Grant me a cloud's grace,
a slow imperceptible


January is running away with me. I'm back to my regular teaching and counselling commitments, in addition I'm doing some hours at the hospice and I've had paperwork and preparation to do for work coming up in a few months time. Then there's the admin role I'm in the process of taking on. This week I've been questioning myself whether I have left enough space for my creativity.

Of course, a lot of this is short term and/or building for the future, and it is all, for me, enjoyable and satisfying.

For the moment I've been pouring my creativity into The Peasholm Magic Lantern; the art installation I am doing for Coastival (, consisting of a digital loop with Haikus, images and music. The elements are all coming together excitingly, though the technical issues around making sure the marrying of the three is effective, are fiddly and time consuming. And I have yet to try it out in the place where it is to be displayed, I imagine that will throw up other questions and the need to tinker.


I went to see the film The Reader last night. A veritable treatise on shame: individual; communal; common or garden; beyond-the-ordinary. The young Michael is a text book example of how shame accumulates from the petty to the sort that stops you sleeping at night. His parents, archetypal "shamers", set him up for a life-time of turmoil (see also Shame. The Power of Caring by Gershen Kaufman (Schenkman Books Inc, Rochester, Vermont)). No wonder he is drawn towards Hana who carries the burden of societal shame as well as her own.

Don't be put off by Kate Winslet's truly awful performance at the Golden Globe awards, she is magnificent in this film. But for me, David Kross's portrayal from innocent adolescence to tortured manhood should get far more plaudits. This is a complex film with few glimmers of hope. And I do think the elder Michael could come up with a better "surprise" for his long-lost daughter than taking her to a rain drenched graveyard so that he can start to unfetter himself from his chasms of shame.


I went back to the hospice today. I cycle up there with my poems in my backpack, a peripatetic bard. One of the men I'd met during my time there last year had died, on Christmas Day. I feel sad. Then I remember his suffering and wonder about words like release and relief, though perhaps I am just searching for comfort for myself.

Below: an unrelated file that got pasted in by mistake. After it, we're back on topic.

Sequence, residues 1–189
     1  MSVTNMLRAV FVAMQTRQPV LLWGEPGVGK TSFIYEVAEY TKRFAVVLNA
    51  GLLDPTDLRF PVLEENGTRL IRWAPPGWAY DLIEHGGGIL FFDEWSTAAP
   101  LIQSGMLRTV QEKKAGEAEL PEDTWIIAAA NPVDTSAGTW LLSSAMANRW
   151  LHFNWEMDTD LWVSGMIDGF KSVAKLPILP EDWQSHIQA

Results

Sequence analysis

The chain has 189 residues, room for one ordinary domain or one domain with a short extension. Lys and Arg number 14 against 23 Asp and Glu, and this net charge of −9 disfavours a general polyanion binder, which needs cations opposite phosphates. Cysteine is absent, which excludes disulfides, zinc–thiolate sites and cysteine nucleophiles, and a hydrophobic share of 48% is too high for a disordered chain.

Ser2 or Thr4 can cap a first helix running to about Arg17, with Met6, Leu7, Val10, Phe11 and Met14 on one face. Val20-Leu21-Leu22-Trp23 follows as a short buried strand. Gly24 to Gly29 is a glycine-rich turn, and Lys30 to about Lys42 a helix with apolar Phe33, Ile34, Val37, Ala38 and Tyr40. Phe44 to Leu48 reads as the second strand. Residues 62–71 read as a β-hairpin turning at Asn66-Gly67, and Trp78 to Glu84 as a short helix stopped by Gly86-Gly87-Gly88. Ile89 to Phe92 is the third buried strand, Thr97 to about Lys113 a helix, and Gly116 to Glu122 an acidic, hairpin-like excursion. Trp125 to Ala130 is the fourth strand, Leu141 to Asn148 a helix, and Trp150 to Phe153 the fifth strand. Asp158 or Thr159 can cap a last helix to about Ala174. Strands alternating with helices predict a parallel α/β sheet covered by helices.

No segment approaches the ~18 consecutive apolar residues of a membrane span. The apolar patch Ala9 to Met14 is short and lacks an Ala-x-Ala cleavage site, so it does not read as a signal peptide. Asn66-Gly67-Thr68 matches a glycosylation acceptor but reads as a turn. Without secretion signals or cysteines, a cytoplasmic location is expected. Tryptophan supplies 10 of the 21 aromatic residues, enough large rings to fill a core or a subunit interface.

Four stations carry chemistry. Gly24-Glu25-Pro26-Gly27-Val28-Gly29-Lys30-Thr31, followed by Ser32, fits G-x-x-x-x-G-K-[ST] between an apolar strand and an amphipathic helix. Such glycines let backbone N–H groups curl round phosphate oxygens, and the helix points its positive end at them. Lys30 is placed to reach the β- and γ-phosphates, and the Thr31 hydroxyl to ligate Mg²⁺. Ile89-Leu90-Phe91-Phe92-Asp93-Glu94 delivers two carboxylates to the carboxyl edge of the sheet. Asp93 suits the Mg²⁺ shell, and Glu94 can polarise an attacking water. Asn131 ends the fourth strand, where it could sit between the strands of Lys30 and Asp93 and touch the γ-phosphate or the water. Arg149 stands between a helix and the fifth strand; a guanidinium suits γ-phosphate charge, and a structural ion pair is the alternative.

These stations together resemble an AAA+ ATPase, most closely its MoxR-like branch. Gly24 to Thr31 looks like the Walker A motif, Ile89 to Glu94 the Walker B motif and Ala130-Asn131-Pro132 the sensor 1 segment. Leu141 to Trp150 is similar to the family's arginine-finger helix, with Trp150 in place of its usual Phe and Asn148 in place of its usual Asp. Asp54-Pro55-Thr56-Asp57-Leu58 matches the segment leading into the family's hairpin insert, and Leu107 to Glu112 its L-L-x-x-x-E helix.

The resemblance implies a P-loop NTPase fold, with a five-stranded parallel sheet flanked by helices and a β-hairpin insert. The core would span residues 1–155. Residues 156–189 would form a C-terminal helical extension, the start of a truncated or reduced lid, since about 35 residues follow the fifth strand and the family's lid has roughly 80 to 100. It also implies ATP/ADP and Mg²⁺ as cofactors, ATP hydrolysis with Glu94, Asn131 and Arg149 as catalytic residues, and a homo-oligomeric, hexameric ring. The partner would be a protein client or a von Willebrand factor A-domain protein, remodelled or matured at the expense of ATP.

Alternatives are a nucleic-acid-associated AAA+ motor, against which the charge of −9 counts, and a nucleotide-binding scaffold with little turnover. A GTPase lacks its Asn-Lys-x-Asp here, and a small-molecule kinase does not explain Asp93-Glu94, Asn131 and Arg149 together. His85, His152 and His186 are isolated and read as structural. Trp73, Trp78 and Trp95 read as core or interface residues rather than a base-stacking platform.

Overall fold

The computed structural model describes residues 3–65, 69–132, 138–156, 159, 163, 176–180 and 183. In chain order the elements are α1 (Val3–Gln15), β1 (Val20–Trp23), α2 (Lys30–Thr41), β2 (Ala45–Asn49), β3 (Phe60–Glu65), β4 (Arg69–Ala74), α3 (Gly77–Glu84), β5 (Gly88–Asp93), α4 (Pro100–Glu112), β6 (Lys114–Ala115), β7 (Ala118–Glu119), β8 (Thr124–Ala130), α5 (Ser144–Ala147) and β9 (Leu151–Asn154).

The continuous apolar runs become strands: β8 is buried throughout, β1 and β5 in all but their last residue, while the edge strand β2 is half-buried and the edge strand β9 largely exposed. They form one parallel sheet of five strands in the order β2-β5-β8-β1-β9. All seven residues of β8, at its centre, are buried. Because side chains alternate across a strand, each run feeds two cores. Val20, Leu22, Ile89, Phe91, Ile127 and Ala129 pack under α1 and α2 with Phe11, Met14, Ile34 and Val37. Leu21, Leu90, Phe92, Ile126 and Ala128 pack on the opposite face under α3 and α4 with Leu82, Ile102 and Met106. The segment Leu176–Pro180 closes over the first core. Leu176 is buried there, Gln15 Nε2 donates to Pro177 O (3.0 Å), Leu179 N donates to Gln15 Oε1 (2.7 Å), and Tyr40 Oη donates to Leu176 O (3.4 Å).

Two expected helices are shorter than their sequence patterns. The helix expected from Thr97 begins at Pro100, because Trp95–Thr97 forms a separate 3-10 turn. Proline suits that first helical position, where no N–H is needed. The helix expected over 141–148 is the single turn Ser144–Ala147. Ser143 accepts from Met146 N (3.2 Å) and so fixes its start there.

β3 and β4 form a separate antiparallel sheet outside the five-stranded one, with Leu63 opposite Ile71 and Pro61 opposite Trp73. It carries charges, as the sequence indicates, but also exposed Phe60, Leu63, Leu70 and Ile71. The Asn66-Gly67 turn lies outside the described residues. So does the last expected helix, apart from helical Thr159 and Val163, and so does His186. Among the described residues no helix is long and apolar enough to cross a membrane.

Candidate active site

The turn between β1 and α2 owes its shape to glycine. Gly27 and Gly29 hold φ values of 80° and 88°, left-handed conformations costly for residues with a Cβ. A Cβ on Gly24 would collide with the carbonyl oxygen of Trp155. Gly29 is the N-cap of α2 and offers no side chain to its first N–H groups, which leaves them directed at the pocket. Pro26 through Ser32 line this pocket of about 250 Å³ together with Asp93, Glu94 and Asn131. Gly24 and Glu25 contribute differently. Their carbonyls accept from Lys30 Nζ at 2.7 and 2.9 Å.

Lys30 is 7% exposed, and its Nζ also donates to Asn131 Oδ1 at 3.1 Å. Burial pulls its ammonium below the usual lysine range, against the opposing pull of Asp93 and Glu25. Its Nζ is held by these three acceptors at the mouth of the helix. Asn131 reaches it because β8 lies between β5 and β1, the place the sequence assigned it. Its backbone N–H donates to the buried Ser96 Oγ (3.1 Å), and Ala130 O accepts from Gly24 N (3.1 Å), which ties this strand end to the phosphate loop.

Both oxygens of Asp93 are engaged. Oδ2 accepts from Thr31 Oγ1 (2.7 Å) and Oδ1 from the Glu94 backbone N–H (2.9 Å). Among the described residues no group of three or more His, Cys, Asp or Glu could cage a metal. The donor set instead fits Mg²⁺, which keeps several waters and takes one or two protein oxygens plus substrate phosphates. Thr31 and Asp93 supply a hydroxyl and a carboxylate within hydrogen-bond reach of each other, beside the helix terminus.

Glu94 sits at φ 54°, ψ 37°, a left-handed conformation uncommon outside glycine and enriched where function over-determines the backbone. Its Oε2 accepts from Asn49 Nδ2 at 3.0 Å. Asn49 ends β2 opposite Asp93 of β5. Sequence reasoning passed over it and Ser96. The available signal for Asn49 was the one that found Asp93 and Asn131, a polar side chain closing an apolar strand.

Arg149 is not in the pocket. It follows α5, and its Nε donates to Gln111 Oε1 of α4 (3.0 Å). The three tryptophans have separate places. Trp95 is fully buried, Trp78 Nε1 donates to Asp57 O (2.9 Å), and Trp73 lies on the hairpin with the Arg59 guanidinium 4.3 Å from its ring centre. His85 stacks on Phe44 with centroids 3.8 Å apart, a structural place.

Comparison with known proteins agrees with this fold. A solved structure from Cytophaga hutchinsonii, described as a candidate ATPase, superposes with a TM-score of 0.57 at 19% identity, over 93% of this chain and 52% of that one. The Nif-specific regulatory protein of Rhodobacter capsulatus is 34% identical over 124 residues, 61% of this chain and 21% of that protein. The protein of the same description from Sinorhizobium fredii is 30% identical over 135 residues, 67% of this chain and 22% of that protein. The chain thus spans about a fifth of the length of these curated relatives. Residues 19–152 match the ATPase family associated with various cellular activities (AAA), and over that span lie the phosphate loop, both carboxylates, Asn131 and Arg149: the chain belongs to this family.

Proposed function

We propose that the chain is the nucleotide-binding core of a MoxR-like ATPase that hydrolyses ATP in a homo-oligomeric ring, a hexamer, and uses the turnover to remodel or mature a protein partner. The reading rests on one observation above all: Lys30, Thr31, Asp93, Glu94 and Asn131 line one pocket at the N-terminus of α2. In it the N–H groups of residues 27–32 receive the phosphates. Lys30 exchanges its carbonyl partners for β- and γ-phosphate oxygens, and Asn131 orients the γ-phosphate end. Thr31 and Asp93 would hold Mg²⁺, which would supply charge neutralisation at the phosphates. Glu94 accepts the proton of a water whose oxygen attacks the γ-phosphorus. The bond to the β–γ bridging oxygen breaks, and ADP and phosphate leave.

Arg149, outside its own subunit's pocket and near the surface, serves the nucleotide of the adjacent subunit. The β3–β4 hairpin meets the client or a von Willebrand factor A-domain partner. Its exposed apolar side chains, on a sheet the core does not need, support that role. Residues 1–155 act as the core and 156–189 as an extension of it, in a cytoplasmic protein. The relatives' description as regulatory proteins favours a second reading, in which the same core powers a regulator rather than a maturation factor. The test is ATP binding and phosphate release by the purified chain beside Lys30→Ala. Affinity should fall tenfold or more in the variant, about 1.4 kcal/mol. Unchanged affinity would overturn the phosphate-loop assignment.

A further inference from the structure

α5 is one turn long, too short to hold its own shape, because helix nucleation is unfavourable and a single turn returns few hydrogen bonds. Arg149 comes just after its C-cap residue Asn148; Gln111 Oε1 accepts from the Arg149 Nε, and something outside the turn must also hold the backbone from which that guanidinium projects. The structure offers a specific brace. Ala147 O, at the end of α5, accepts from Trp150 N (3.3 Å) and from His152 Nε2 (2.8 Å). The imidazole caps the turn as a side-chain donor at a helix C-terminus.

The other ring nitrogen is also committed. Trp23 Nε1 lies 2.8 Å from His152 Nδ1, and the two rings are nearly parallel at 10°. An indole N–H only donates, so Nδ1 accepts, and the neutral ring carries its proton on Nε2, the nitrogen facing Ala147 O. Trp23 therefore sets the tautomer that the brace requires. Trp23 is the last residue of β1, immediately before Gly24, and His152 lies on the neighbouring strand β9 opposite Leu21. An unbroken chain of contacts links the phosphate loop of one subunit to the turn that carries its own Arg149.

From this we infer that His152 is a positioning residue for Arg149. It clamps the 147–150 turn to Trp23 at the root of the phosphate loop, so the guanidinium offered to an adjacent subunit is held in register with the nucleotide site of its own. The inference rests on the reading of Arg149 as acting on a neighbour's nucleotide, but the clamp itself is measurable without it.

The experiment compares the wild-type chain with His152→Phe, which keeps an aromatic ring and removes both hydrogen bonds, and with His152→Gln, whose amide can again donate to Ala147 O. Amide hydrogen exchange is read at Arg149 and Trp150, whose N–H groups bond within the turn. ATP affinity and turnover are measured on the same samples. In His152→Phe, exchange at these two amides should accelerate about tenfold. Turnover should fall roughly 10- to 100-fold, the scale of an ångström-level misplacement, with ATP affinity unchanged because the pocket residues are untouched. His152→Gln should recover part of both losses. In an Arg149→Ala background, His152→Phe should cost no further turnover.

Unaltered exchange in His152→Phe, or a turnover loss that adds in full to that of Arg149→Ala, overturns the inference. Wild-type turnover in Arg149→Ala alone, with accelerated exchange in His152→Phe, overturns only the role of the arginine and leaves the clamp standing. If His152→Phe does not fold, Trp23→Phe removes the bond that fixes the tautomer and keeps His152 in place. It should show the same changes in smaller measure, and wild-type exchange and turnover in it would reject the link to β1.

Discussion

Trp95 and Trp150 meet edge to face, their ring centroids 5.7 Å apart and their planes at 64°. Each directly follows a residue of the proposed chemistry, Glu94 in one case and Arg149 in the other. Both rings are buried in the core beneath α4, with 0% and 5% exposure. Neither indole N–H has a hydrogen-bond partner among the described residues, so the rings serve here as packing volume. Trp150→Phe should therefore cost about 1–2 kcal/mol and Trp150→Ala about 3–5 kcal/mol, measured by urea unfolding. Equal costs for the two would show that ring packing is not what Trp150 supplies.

The atmosphere is as ever upbeat, and, I sense, genuinely so. I ask for favourite words; "smile", "contentment", "lovable", "flowers" come the replies. Still I search for the shadows, for the demons, for the hurt, shoved into the corners, such is my habit. Death lingers, I feel certain, and not all ghosts are benign.


Taking refuge in a local hostelry from the biting wind, I began to idly peruse You magazine. According to an article entitled 'Therapy at a Click', by Jane Alexander, the AOL Blog Trends survey "reported that nearly 50% of bloggers see blogging as a form of self-therapy". And further that, "six times as many people prefer to write their blog than seek counselling from a professional".

At first I thought, well, this is only an extension of using journaling as a means to mental well-being. On the other hand, perhaps not. When introducing the idea of keeping a reflective journal in my workshops, I emphasise the importance of safety, of not making ourselves vulnerable by sharing too much too quickly with people we are not sure we can trust. I have noticed that people who are suffering from depression, particularly if it stems from unhealthy relationships in the past, are prone to re-traumatising themselves through regurgitating their pain in ways which are almost impossible for them and those around them to assimilate. They don't get the response they want because it is all too much for their listeners, and they feel overwhelmed because they see their audience becoming scared or switching off.

A blog is a very public arena for showing our hurt. And the comeback cannot be relied upon to be a useful one - as was pointed out later on in the article.

In the journaling I advocate (and use myself), there is also a search for insight and understanding, an attempt to notice patterns and processes. Yes, there is the catharsis element, but beyond this there is the endeavour to make sense and break out of blind alleys and unwholesome loops. I wonder how much of this takes place during the "self-therapy" blogging?

Which is why, of course, I am saddened that seeking professional counselling is so shunned. Bloggers are beginning to express and explore feelings, trained counsellors can offer them the safe, boundaried sounding board which could move them on, further towards a greater understanding of themselves.


Happy New Year! It's something we say or hear a lot around now. Is it meant as an aspiration, a statement of fact or an injunction? Sometimes it feels like a bludgeon over the head. There are so many for whom this New Year is anything but happy.

Janus, the Roman god with two faces, one looking back, the other forwards, gave its name to this month. It is time for me to fix my eyes on what's to come rather than on what has been. And there are some exciting prospects. More work at the hospice. An art installation with music, images and poetry for a local festival. A creative writing project with a group of women who suffer from chronic pelvic pain which is to be credibly evaluated; another step in giving credence to what I do. Plus the teaching, the facilitating and the counselling which gives me so much.

Yes I am ready for the next turn of the seasons. For myself I want to continue to notice the joy in small things. For the world, I yearn for peace.